How to write cover letters quickly

letter writing cover letter job application write a cover letter for work experience and writing a cover letter when you don't know the recipient
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IndyRobinson,Argentina,Professional
Published Date:05-07-2017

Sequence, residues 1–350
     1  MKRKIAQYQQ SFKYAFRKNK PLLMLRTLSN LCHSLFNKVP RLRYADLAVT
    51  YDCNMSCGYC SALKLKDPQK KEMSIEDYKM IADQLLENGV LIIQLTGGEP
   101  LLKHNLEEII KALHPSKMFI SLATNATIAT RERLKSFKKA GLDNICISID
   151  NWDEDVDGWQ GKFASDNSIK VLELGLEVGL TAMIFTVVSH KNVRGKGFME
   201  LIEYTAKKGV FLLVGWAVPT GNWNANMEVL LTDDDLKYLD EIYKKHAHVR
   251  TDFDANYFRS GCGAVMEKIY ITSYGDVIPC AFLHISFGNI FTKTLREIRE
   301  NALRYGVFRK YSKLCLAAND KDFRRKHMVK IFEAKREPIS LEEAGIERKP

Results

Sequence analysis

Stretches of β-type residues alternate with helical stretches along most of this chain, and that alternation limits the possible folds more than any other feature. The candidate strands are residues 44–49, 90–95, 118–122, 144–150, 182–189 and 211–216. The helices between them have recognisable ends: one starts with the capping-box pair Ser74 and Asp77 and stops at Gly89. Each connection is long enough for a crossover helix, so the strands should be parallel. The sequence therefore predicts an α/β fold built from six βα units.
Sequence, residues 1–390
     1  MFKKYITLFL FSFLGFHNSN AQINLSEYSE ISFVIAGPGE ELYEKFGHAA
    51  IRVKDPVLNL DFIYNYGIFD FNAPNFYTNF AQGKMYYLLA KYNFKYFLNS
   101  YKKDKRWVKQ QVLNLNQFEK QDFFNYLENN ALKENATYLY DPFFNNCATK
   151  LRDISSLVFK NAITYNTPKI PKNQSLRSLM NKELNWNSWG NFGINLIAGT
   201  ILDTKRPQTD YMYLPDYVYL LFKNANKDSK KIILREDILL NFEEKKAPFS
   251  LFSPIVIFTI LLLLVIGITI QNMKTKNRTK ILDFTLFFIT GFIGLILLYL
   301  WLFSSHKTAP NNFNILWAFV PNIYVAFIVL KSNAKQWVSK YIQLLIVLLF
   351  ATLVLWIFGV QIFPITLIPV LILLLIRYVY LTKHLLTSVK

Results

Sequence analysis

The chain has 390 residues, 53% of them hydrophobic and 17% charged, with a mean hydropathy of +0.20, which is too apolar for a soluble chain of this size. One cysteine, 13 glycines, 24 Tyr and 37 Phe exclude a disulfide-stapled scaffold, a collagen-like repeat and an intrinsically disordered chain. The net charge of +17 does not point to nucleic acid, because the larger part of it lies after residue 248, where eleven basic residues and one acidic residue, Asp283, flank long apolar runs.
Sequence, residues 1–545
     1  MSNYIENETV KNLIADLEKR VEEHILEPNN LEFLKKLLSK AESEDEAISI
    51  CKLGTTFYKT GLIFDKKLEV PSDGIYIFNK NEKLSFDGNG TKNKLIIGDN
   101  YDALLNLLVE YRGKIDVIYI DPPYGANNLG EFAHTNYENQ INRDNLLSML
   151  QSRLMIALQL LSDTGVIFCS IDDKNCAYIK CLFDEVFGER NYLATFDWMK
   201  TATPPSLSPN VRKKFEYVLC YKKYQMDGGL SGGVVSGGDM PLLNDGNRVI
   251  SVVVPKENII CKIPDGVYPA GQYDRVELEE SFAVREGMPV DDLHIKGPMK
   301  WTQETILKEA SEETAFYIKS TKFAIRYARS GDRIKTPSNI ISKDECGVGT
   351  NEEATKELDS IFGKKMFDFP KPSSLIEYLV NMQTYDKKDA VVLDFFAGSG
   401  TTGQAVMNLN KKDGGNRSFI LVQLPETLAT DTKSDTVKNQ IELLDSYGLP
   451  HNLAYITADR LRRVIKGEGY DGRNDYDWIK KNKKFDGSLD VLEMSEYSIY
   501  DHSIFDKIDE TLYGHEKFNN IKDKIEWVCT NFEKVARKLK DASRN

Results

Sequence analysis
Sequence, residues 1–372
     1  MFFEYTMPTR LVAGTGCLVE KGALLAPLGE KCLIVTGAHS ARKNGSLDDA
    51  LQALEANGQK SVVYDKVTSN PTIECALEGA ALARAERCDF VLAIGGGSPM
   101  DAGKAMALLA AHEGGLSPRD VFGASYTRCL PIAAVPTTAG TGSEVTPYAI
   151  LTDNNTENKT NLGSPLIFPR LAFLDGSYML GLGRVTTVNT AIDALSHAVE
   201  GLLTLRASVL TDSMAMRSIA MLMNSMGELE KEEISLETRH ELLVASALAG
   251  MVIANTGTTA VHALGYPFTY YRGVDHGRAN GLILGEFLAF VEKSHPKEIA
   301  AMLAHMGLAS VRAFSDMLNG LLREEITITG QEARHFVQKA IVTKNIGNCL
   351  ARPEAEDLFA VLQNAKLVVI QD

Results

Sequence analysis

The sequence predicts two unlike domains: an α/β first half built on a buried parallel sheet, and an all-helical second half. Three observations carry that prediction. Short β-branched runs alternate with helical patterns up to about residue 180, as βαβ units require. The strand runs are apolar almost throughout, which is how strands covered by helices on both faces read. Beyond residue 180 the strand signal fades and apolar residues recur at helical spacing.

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Ontario Public Service Writing a Cover Letter and Résumé: Tips, Tools and Resources Prepared by: HR Program Management Branch HR Service Delivery Division Ontario Shared Services Ministry of Government and Consumer Services Updated October 2015 What’s New Effective December 1, 2011 the Ontario Public Service (OPS) will request that all applications (cover letter and résumé combined) should not exceed five pages in length (or less). The Cover Letter and Résumé Writing Guide has been updated to provide you with the tips and tools you will need to write a cover letter and résumé within the requested five page limit. These include: • Tips on how to write a concise cover letter and résumé which focus on information that is most relevant to the qualifications of the job you are applying to. • New links to provide you with additional tips and tools to help you write your résumé and cover letter. • New sample cover letter and résumé to help guide you in your cover letter and résumé writing. • Summary of common cover letter and résumé errors and tips to help you avoid making those errors in your cover letter and résumé. Remember, the tools and tips provided in “Writing a Cover Letter and Résumé: Tips, Tools and Resources” have been developed to help you prepare your cover letter and résumé to apply to positions within the Ontario Public Service. While this guide will not guarantee you an OPS interview, it will allow you to market yourself more effectively for an OPS competition. The resources within this guide will help you in developing the foundation to write your cover letter and résumé. GOOD LUCK in your future endeavours Preparing Your Application Your cover letter and résumé are the most important documents you can use to demonstrate your skills, experience and knowledge in relation to job advertisements. Page 4 Overall, your cover letter and résumé are your opportunity to clearly convey to the employer how you meet the job requirements. Before you decide to apply, ask yourself these key questions: Can you do the job? • Do you meet the requirements described in the job advertisement?  Consider some of the strengths you have that would be relevant and transferable to the new position.  Remember, developing your cover letter and résumé for positions for which you are a good match is much easier than trying to apply your skills and experience for a job that is not a match. Spending time applying to jobs that you are not really interested in which do not utilize your skills and experiences will only reduce your chances of success. Are you really interested? • Success comes from doing something you like to do. Are you interested in the work and business of the ministry you are applying to?  It is strongly recommended that you research the ministry, the branch and the specific position that has been posted to determine your interest. What’s in it for you? • Does the job potentially contribute to the goals you have set for your career and life?  Look for the jobs that match your values and will help you develop as a person or professional. What is the work environment like? • Does it look like the environment of the job will fit with your personal situation and expectations? Page 5  Do your research and define your requirements related to your commute, work schedule, team and business goals. When you find the ideal job to apply to, begin to strategize how you will write your cover letter and résumé. As you prepare your application consider the following:  How have you demonstrated the skills, knowledge and qualifications required for the position you are applying for?  What relevant training, experience, accomplishments and/or education do you have to substantiate the skills, knowledge and qualifications you outline?  What makes you stand out from all of the other applicants?  What type of crucial information should you include and what can you leave out?  Have you communicated the necessary information concisely within five pages (or less)? Remember, when you submit your cover letter and résumé, it will be carefully screened and evaluated against the qualifications outlined in the job advertisement. Research the Job First Analyzing the Job Advertisement When applying to a job advertisement, it is important to recognize the needs of the organization and then match your qualifications and experience to those needs. Research can help you identify if the job is right for you. Researching the Job 1) Carefully read through the job advertisement to get a good understanding of what the job is about. The “What We Are Looking For” section of the job advertisement provides you with a list of the required qualifications. Page 6 2) Additional information about the job requirements is also located under the “View Job Spec” icon. 3) If there is a “View More Info” icon, this will provide you with additional information about the work environment or vital information about the job. 4) You can gather valuable information about the ministry you are considering applying to from a variety of sources, including: • Internet sites for the specific ministry, which will allow you to research ministry priorities, programs and news items. • Ministry publications at Service Ontario Publications • Current newspaper articles relating to a specific ministry and its core businesses and initiatives. • INFO-GO provides insight into the services and organizational structure of the branch and/or division that you are applying for. 5) Think of all the positions you’ve held and the skills that you have that are transferable and relevant to the job you are applying to. List those skills with indicators of how you obtained them. 6) Include extracurricular activities (volunteer work, memberships, hobbies) if they highlight skills that you have not used in the workplace, but are relevant to the position. Writing a Good Cover Letter Page 7 Your cover letter provides prospective employers with their first impression of you. Everyone who sends a résumé should submit it with a cover letter. Although in the OPS a cover letter is not mandatory, your cover letter is the ideal tool to display how you meet the qualifications of the specific job you are applying to. A cover letter allows you to: • Supplement the information included in your résumé. • Emphasize the knowledge and skills you have in relation to the qualifications of the position. • Convey in a narrative format what unique qualities you can bring to the position. • Enhance your résumé by adding a more personal touch to the package. The OPS is requesting that applications for OPS positions should not exceed five pages. When considering the ideal length of your cover letter, the length and content should be appropriate for the position to which you are applying. Aim for a cover letter that is one to two page(s) in length. To help you write a cover letter, consider the following tips: 1. Be concise. The ideal length for a cover letter is between one to two page(s). Be sure to emphasize the Job ID and position you are applying for as well as your key skills and accomplishments that fit the role. • Avoid repeating information. • Avoid including irrelevant information, remember your cover letter is a career marketing tool, not an autobiography. • Edit unnecessary words. 2. Tailor your cover letter to the qualifications of the job advertisement. • Focus on the duties that are relevant to the position you are applying for. • Focus on your most recent experience and accomplishments. Page 8 3. Write your cover letter in your own words so that it sounds like you and not like something out of a book. • Avoid directly copying material from the job description and placing it in your cover letter. 4. Proofread your cover letter to ensure there are no spelling, typing or grammatical errors. • If you need a little help with grammar, review Strunk & White's Elements of Style. • A good place to begin is "Chapter 5: Words and Expressions Commonly Misused." 5. Show that you know something about the ministry or the organization. • This is where your research comes in. Briefly demonstrate why you match the skills and knowledge that they are looking for and what value you can bring to the organization. What’s in a Good Cover Letter The Header: Your header should include the following information:  Your full name  Your address  Your e-mail address(es)  All your telephone numbers (work, home and cell) Including current contact information will make it easier for Recruitment Services staff to contact you if you are selected for an interview. Addressing Your Cover Letter: Page 9 As recruitment in the OPS is centralized, there is no need to personalize the cover letter with the hiring manager’s name. Addressing the letter to “The Hiring Manager” or “To Whom it May Concern” is sufficient. Make sure to put the current date on your cover letter above the address. The Subject Line: It is a good practice to reference the file number (Job ID) and job title. It is also a good practice to include the name of the ministry in the subject line as well. Opening Paragraph: • This is the introductory section of your cover letter. • The objective is to get the reader’s attention immediately. • Briefly identify what you have to offer the organization. • Identify the main reason why you would be the ideal candidate for the position. Note: Some employers may want additional information in your cover letter such as outlining how you learned about the job opening and why you are interested in the position. However, in the OPS this information is not used as part of the screening criteria. Mid-Section: Explain particular benefits you offer in relation to the required qualifications. • Emphasize your relevant skills, competencies, experience and knowledge. • Cite specific and relevant experiences or examples where you gained and demonstrated those skills, knowledge, abilities and accomplishments.  If you have a particular area of expertise, or an educational background that has helped you gain relevant qualifications, outline this in your cover letter. • You may wish to highlight some transferable skills, such as problem-solving or organizational skills. Page 10 • List any required certifications (i.e. valid driver’s license) that you have that relate to the qualifications. The Closing Paragraph: Before concluding your letter, explain in one sentence how you can add value to the organization. Also state the best method for them to contact you and thank the hiring manager in advance for considering you for the position. Review the sample cover letter and résumé for ideas on how to prepare your cover letter. Writing a Good Résumé Your résumé is your opportunity to present your experience, skills, knowledge and accomplishments. Remember, just like your cover letter, you will want to ensure that your résumé is clear, concise and relevant and highlights your skills based on the qualifications required in the job advertisement. The OPS is requesting that applications for OPS positions should not exceed five pages. When considering the ideal length of your résumé, the length and content should be appropriate for the position to which you are applying. Aim for a résumé that is two to three pages in length. To help you write a concise résumé, consider the following tips: 1. Be concise • Your résumé should be a concise and factual presentation of your accomplishments, strengths, employment history and education. • Avoid repeating information that has been included in your cover letter. • Edit unnecessary words. 2. Tailor your resume to the qualifications outlined in the job advertisement Page 11 • Emphasize your most significant skills and experience in well-defined sections. • Avoid adding other details and facts that may be irrelevant to the position you are applying for. This will take up valuable space or divert attention from what you want to highlight. • Do not include personal information (such as Date of Birth, Social Insurance Number). 3. Proofread your résumé to make sure there are no spelling, typing or grammatical errors. • If you need a little help with grammar, review Strunk & White's Elements of Style.  A good place to begin is "Chapter 5: Words and Expressions Commonly Misused." When deciding on which style to use, chronological résumés are the most common résumé style. With this style, work experience is listed with the most current information first and then in descending order based on employment dates. There are other styles that you may want to explore, for example a functional résumé, to better represent your skills and qualifications. The sample cover letter and résumé provides an example of a chronological résumé. The OPS does not have preference for one style above another, but for the purpose of this guide only the chronological résumé will be highlighted. Chronological résumés include four main sections: 1) Current name and contact information. 2) Summary of qualifications/accomplishments. Page 12  This is a snapshot of your key skills & accomplishments that can be substantiated by your work experiences. This information can also be presented in a profile. 3) Work history described with key duties, knowledge and accomplishments.  This information is listed per employment experience, with most recent experience first, along with the company names and locations. 4) Education and/or additional development/training (i.e. professional development courses). What’s in a Good Résumé Know Yourself First – Conduct a Pre-Application Self-Assessment The key to a confident and focused application is in knowing: • Who you are.  What do you enjoy doing?  What do you do well? • What skills, knowledge and experience you have to offer the new employer.  What are you good at?  What are your transferable skills? • What makes you an ideal fit for the position and the organization.  What value will you add to the organization?  What type of people do I want to work with or have as a customer? By asking yourself these questions, you can begin to develop an inventory of skills, experiences, accomplishments and job-related attributes that you can use to market yourself in your résumé. Page 13 It is important to think about yourself in the position that you are applying to and to reflect on how your experiences and skills have prepared you for work in that setting. As you prepare your application consider: • Any relevant past experiences that you would like to highlight and what you have learned from that experience. • How you gained the skills that you have today and information about any transferable skills. • Your previous performance. Talk to your manager and co-workers about your work results to help you in this exercise. As you think about your past experiences, write them down. Use the résumé writing activity sheet on the following page to jot down your skills and work accomplishments. This self-assessment technique can be modified to multiple job advertisements and will help you to update your accomplishments for each position you apply for. This will help to ensure the information remains relevant. Finally, look at the sample cover letter and résumé for ideas, but be creative in your own formatting. Page 14 Résumé Writing Activity Sheet Review the job advertisement of the position to identify the qualifications that you currently possess. Explain below how you learned and/or accomplished these qualifications (skills and knowledge) and also list any key transferable skills you have that would be an asset to the position. Required Qualifications My Skills and Experience Work Accomplishments – Demonstration of Skills (List one qualification, (List your skills that match those (Write down specific knowledge or skill per in the job advertisement and accomplishments from your line that is highlighted in where you may have obtained recent work experience(s) the qualifications / “What those skills) using action verbs and the we are looking for” results achieved – see Key skills can be added to your section of the job results in bold). cover letter. advertisement). EXAMPLE: Exceptional oral and written • Communicated key IT communication skills process changes to Proven interpersonal clients to ensure the communication skills • Customer service support success of a sensitive including tact and role in the OPS for a number change management diplomacy of years initiative • Currently in a client • Advised senior managers consulting role on customer service • Interact with senior managers protocols, which daily resulted in a more streamlined quality • Communicate sensitive service process and information improved productivity • Certified toastmasters by 20%. member Page 15 Work Accomplishment Statements Written statements of your results, achievements and successes are an important component of your application. Your accomplishments are made up of activities that you did well and had a positive impact on your organization, employer, colleagues or team. Providing accomplishments in your résumé tells the employer that you have added value to your organization. This adds quality to your résumé and lets employers know what you are capable of. As you prepare your accomplishment statements, consider the following: • What was the situation or problem? • What action did you take to address the situation and what was the achievement? • What were your results? Did you:  Improve a process?  Achieve more with fewer resources?  Save money, time or solve a longstanding problem?  Improve staff/team morale? As you describe your accomplishments remember that duties and responsibilities refer to the general scope of your job. Accomplishments refer to specific examples of tasks you finished successfully. It is ideal to write most of your résumé statements as work accomplishments. However, it is important to ensure that your accomplishments are specific to the position you are applying to, relevant and factual. Finally, where applicable, use numbers to support your accomplishments (e.g. hours, dollars, percentages, number of people, etc.). Here are some examples of accomplishment statements: Page 16 • Coordinated all training requests for the ministry and met provincial service standards by processing 2400 training requests within a 24 hour turnaround. • Wrote a technical manual that is currently being used in the ministry’s application training program. • Managed a 3,000,000 procurement and supply budget on a quarterly basis to ensure that spending was appropriate and balanced. • Coordinated all ministry-wide special events for the 2004 Federated Health Charities campaign and successfully raised 4000. • Designed a macro in Microsoft Excel for use in all audit reports that reduced the completion time of each report by 50% and increased accuracy by 100%. This resulted in cost savings of 1000/week. • Reduced a two-year backlog in licensing to less than 3 months by streamlining the business processes and taking calculated risks. Accomplishment Memory Jogger As you reflect on each of your accomplishments, consider writing each work accomplishment statement with the results in mind. To help you “jog” your memory, describe your accomplishment identifying the Problem / situation you had to solve, the action you took and the results you achieved. The following are some questions for you to consider to help you identify your accomplishments, however, tailor your questions based on the qualifications outlined in the position you are applying to as this will become the foundation of your résumé and cover letter. 1) Describe a specific situation in which you solved a problem or took charge of an emergency situation. 2) Give an example of something you created or initiated and how it was used or accepted. Page 17 3) Describe your involvement in a team effort that produced a specific result. What were the results, and what did you learn about working with others? 4) Describe how you identified a need and met it including how your solution was received. 5) What have you done to help others reach their work goals? 6) List ways that you have saved time or money or improved a business process. What actions did you take to do so? Accomplishment Memory Jogger Job Ad Qualification: Your Relevant Accomplishment: Problem / Situation: Action: Results: Job Ad Qualification: Your Relevant Accomplishment: Problem / Situation: Action: Results: Job Ad Qualification: Your Relevant Accomplishment: Problem / Situation: Action: Results: Page 18 Résumé Language Now that you have decided on your style and content, you should decide on the language you are going to use to describe your experiences. When you are writing your skills, try to put yourself into the reader’s shoes and think about what would keep their interest. Use a variety of action verbs that describe your accomplishments and duties. Also, keep all descriptions in the same tense. The only description that should be written in present tense is your current work experience. All previous work experiences should be written in past tense. Here are a few examples of key action verbs you can use: Management Skills: Analyzed, assigned, attained, chaired, coached, controlled, consolidated, contracted, coordinated, delegated, developed, directed, evaluated, executed, facilitated, improved, increased, led, managed, organized, oversaw, planned, produced, recommended, reviewed, scheduled, strengthened, supervised, validated. Communication Skills: Addressed, arbitrated, arranged, authored, collaborated, convinced, corresponded, developed, directed, drafted, edited, enlisted, formulated, influenced, interpreted, lectured, mediated, moderated, negotiated, persuaded, promoted, published, reconciled, recruited, spoke, translated, wrote. Clerical or Details Skills: Administered, approved, arranged, catalogued, classified, collected, compiled, dispatched, executed, generated, implemented, inspected, monitored, operated, organized, prepared, prioritized, processed, purchased, recorded, retrieved, screened, specified, systematized, streamlined, tabulated, validated. Creative Skills: Acted, conceptualized, created, customized, designed, devised, developed, directed, established, fashioned, founded, illustrated, improved, initiated, instituted, integrated, Page 19 introduced, invented, originated, performed, procured, produced, proposed, planned, revitalized, refined, redesigned, reorganized, shaped. Research Skills: Clarified, collected, critiqued, diagnosed, evaluated, examined, extracted, identified, inspected, interpreted, interviewed, investigated, organized, reviewed, summarized, surveyed. Technical Skills: Assembled, computed, designed, engineered, operated, overhauled, programmed, remodeled, repaired, solved, upgraded. Financial Skills: Administered, allocated, analyzed, appraised, audited, balanced, budgeted, calculated, completed, developed, forecasted, managed, marketed, planned, projected, reconciled, researched. Accomplishment Verbs: Achieved, expanded, launched, improved, pioneered, reduced, resolved, restored, spearheaded, transformed. Page 20 Frequently Asked Questions 1. What should my résumé length be? The ideal length of your application (cover letter and/or résumé) is five pages (or less) in length (approximately one to two pages for your cover letter and two to three pages for your résumé). When writing your cover letter and résumé ensure that you include only relevant information that outlines how you demonstrate the qualifications outlined in the job advertisement. Your cover letter and résumé should be concise and provide only the most relevant information. Add your name at the top of any additional pages in case the pages get separated. 2. Why should my application be five (5) pages (or less)? It is important to keep your cover letter and résumé focused. This includes tailoring your cover letter and résumé to include your experience, skills and knowledge that are relevant to the qualifications identified in the job advertisement. By leaving out unnecessary experience that is not relevant to the job, by being concise and by tailoring your cover letter and résumé to the specific job qualification, you will be able to write your application within five (5) pages (or less). 3. Which font should I use? For cover letters and résumés in electronic format that will be emailed, select a font that is standard on most computer systems. Good choices include Arial, Book Antiqua, Century Schoolbook, Garamond, Tahoma, Times New Roman and Verdana. Choose a font size no less than 10 and no greater than 12. 4. What tense should I write my résumé in? Write about previous jobs in past tense. For your current job, write Page 21 accomplishments/results in past tense only if they have already happened. Current job responsibilities are always written in present tense. 5. Do I need to send a cover letter with my résumé? Although in the OPS a cover letter is not mandatory, a well-written cover letter is a chance to market your credentials and demonstrate professionalism. It is a useful supplement to your résumé. 6. How do I write work accomplishments when I don't feel I have any? You may think you just do your job, but consider what makes your work performance valuable to a potential employer. Ask your coworkers or supervisors about your current performance, and review your written performance evaluations. Also think of other areas where you have accomplished results in volunteer work or as a member of boards or professional associations. 7. Do I need a career objective section? There is no consensus among résumé experts about objectives. In the OPS, it is not used as part of the screening criteria. It is a personal choice whether you include an objective or not, but if you do, be sure to tailor it to the position that you are applying to. Try to incorporate your objective into your cover letter instead of putting it on the résumé. Another option is to incorporate your goal into a narrative qualifications/skills summary or profile. 8. What if I have gaps in my work history? How should I address that in my résumé? The focus of your cover letter and résumé should be on what you have to offer. As part of the OPS commitment to Barrier-Free recruitment, applications are not Page 22